Time Variation in the Relationship Between News and Returns

How does the stock market respond to news reports about a company? Previous work has found that it takes a few days for prices to fully absorb news, and this underreaction has been attributed to investors’ limited ability to process information. We find evidence for an alternative explanation: Sophisticated institutional investors trade slowly on news to avoid tipping their hands. Once we control for this effect, we find that the market actually overreacts to news.

Academic interest in how markets process information dates back to Eugene Fama’s pioneering work in the 1960’s.  Fama argued that markets are highly informationally efficient, though others, notably Robert Shiller, have pushed back against this conclusion.  It was against this backdrop that Tetlock, Saar-Tsechansky, and Macskassy (2008) (hereafter TSM) showed that stock prices of S&P 500 firms briefly underreact to news.  TSM found that when the Dow Jones News service ran an article about a specific company, that company’s stock price would react on the day of the article’s release (the event day) in the direction of the article’s tone.  Positive articles were associated with positive contemporaneous stock price reactions, and negative articles were associated with negative contemporaneous stock price reactions.  This was not surprising because event day news carried potentially new information about company fundamentals (as measured by future earnings), and these stock price moves were the market’s response to this new information.  What was surprising about TSM’s findings was that stock prices continued to move in the direction of the event day news for the next 10 trading days.  Stock prices did not react only to contemporaneous news, but appeared also to react to lagged news.  In fact, the economic magnitude of this apparent underreaction of stocks to news was quite large.  A trading strategy constructed to take advantage of this underreaction earned paper profits of over 20 percent per year.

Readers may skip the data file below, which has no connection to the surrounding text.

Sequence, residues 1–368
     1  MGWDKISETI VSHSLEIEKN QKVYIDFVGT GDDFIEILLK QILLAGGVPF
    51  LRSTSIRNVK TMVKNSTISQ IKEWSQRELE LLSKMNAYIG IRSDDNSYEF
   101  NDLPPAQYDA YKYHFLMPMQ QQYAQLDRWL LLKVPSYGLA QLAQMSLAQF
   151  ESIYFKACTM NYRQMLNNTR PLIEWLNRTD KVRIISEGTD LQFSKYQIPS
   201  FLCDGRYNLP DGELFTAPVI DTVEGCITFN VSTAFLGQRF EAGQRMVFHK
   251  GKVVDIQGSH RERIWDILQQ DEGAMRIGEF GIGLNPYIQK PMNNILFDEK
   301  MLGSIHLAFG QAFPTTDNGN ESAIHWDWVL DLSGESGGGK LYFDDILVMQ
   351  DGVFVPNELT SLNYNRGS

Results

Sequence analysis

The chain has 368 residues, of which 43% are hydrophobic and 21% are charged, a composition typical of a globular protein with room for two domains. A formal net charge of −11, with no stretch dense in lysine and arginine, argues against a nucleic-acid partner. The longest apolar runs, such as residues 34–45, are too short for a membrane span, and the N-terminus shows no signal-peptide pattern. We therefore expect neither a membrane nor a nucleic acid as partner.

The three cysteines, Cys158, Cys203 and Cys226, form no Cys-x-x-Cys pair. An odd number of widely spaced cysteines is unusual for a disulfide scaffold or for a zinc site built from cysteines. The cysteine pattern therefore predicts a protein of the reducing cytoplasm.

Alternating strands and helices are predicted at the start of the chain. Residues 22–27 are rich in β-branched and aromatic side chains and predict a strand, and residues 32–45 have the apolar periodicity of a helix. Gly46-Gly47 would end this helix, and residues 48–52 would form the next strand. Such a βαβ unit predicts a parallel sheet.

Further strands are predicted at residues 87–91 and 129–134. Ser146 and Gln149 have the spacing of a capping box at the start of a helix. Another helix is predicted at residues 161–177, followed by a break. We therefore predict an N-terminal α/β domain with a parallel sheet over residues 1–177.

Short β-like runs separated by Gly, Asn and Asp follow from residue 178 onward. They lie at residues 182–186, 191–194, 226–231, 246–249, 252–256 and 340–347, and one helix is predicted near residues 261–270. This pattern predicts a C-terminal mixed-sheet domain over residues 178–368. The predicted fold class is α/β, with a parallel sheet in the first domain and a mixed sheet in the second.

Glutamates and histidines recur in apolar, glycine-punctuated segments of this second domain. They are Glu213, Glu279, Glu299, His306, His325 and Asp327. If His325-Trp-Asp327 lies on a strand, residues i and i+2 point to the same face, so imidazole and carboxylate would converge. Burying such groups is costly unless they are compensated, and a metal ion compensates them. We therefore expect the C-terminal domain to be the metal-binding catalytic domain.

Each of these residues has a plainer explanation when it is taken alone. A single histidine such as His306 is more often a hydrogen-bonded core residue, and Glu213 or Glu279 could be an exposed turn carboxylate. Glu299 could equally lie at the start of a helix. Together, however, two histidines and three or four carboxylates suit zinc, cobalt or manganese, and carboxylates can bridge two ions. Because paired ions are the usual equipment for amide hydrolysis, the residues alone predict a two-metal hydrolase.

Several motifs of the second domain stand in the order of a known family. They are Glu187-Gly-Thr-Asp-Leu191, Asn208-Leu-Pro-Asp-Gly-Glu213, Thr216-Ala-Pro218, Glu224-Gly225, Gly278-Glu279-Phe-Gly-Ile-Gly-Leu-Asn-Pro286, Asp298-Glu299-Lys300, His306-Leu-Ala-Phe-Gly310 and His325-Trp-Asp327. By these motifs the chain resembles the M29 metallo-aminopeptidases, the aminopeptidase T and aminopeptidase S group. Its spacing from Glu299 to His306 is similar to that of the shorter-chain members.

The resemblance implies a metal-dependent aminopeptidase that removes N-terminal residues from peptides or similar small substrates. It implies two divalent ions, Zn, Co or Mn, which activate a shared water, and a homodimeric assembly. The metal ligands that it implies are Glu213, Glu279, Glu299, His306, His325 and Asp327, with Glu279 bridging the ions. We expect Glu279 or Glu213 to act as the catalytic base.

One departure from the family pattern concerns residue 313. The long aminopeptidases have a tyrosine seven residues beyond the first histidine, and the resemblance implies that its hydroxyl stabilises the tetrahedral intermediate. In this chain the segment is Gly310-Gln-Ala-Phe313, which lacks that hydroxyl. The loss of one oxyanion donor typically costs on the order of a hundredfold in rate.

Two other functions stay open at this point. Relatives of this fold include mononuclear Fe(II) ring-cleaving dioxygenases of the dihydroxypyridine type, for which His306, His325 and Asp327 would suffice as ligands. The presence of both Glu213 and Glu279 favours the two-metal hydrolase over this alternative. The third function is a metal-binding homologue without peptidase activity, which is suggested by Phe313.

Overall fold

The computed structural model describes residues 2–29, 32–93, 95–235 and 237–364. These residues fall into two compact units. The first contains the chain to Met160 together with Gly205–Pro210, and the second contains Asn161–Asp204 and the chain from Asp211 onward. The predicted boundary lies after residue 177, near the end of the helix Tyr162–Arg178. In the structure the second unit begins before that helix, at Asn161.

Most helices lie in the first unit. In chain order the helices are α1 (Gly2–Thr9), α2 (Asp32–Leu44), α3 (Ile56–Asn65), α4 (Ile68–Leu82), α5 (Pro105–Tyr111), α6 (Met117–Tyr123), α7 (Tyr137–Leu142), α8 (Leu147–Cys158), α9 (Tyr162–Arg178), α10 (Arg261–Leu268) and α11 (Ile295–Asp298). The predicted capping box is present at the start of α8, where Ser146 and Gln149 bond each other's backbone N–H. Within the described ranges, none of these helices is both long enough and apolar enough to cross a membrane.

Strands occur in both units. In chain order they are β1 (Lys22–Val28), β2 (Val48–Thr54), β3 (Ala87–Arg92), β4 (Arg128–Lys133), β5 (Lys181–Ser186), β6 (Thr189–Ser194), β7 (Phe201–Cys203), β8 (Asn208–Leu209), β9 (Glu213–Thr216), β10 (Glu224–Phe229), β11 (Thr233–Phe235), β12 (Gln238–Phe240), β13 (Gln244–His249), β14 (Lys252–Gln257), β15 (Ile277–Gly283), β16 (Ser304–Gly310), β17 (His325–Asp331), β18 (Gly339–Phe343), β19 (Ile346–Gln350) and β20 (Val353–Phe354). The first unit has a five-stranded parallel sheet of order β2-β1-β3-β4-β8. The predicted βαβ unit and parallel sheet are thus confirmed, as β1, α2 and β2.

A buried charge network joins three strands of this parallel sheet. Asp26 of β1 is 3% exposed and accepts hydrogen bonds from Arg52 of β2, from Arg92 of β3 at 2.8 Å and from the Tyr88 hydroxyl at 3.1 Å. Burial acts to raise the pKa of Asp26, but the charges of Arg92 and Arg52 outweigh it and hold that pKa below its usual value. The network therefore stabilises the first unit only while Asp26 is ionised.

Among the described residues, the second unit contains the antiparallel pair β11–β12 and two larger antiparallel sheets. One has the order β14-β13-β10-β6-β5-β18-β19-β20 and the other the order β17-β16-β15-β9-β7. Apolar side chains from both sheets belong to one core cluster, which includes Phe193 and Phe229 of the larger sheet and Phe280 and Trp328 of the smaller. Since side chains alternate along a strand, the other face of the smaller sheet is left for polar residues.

The TSM paper was very influential for two reasons.  First, it was one of the first papers to use natural language processing tools to answer an important economic question.  In fact, two of the three authors are computer scientists, not economists.  Second, and perhaps more important, the paper seemed to provide direct evidence of an apparent market inefficiency – evidence that was previously inaccessible to economists because they lacked the tools to measure the information to which market participants were reacting.  Once such tools became available, it turned out that the world did not completely adhere to Fama’s conception of efficient markets. Market participants were apparently leaving money on the table.  If investors had paid a little bit more attention, they would have noticed that, following positive or negative news, stock prices continued to drift in the direction of the news for the next 10 trading days.  Investors should have put on trades to take advantage of this information, thus forcing markets back towards efficiency.  So why didn’t this happen?